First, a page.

The U.S. Army discussed replacing thousands of soldiers with robots at the Army Aviation Symposium in Virginia on Wednesday.
Gen. Robert Cone, head of the service’s Training and Doctrine Command, examined the possibility of cutting the brigade combat team by approximately 25 percent and replacing those soldiers with unmanned robotic platforms. Cone’s aim is to transform the Army into “a smaller, more lethal, deployable and agile force,” Military Times reports.
Cone says that over the past 12 years of war the Army has sacrificed some of its lethality in favor of “force protection,” which makes armor-laden ground vehicles sluggish and cumbersome. He hopes that with the implementation of robots, the Army can regain some of its bite.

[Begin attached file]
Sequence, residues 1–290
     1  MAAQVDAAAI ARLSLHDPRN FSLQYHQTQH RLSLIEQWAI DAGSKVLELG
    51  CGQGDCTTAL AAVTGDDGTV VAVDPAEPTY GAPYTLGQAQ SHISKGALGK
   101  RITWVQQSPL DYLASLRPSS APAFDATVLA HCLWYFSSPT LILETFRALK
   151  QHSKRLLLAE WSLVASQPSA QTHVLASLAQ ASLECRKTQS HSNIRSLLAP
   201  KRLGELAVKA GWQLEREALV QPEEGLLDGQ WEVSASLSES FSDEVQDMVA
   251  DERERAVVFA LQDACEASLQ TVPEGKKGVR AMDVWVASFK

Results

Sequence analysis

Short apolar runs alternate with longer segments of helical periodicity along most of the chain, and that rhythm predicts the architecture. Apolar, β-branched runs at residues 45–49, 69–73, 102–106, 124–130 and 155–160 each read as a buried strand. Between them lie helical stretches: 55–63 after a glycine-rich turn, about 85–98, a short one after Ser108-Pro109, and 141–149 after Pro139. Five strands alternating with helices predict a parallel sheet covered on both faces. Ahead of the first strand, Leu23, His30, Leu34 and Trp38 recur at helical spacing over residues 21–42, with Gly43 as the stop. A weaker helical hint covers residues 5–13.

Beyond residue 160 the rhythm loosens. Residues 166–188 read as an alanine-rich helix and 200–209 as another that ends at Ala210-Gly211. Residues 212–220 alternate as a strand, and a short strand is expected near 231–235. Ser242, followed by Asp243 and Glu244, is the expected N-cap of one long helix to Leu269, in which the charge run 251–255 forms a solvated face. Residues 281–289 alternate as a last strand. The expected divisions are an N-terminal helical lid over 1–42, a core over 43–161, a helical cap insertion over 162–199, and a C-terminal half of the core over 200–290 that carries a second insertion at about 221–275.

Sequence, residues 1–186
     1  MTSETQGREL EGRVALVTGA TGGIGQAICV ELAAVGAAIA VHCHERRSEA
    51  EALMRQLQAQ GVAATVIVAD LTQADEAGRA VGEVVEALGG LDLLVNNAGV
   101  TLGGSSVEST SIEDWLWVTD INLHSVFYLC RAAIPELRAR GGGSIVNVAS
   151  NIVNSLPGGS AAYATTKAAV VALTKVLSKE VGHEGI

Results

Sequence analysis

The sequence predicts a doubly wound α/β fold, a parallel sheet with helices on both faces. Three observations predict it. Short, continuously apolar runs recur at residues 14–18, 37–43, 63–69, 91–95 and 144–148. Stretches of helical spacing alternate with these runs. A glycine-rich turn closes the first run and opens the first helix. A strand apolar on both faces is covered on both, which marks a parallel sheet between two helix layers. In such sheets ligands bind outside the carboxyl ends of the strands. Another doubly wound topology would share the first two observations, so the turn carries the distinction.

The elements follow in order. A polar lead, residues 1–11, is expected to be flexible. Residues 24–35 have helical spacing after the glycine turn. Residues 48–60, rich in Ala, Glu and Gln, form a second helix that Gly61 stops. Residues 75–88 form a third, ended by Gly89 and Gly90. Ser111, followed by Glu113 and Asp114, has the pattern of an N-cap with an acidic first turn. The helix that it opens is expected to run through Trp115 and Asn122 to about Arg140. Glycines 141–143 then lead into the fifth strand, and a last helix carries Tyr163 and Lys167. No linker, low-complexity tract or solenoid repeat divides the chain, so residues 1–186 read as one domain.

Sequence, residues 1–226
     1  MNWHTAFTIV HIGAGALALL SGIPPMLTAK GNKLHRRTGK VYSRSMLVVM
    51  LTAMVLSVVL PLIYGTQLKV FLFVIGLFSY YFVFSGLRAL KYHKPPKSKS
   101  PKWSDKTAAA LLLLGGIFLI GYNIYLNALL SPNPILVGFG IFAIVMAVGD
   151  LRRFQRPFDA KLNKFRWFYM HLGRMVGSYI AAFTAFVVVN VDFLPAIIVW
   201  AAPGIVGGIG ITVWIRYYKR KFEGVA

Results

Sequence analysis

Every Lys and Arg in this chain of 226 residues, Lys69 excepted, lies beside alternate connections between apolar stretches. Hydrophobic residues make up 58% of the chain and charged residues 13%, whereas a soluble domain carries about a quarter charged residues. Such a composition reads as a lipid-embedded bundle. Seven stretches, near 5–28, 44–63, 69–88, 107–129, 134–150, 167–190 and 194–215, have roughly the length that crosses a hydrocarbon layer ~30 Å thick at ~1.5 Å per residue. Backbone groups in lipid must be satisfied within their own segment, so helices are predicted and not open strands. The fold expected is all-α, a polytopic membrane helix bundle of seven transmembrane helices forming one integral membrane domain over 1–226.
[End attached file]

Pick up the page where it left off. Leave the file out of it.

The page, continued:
“I’ve got clear guidance to think about what if you could robotically perform some of the tasks in terms of maneuverability, in terms of the future of the force,” Cone said.
To show the potential effectiveness his plan, Cone points to the Navy.
“When you see the success, frankly, that the Navy has had in terms of lowering the numbers of people on ships, are there functions in the brigade that we could automate – robots or manned/unmanned teaming – and lower the number of people that are involved given the fact that people are our major cost,” Cone said.
With the Army planning to downsize from 540,000 soldiers to 490,000 by the end of 2015, and possibly as low as 420,000 by 2019, bringing in additional manned and unmanned robotic platforms seems a nearly inevitable outcome.
[ Military Times ]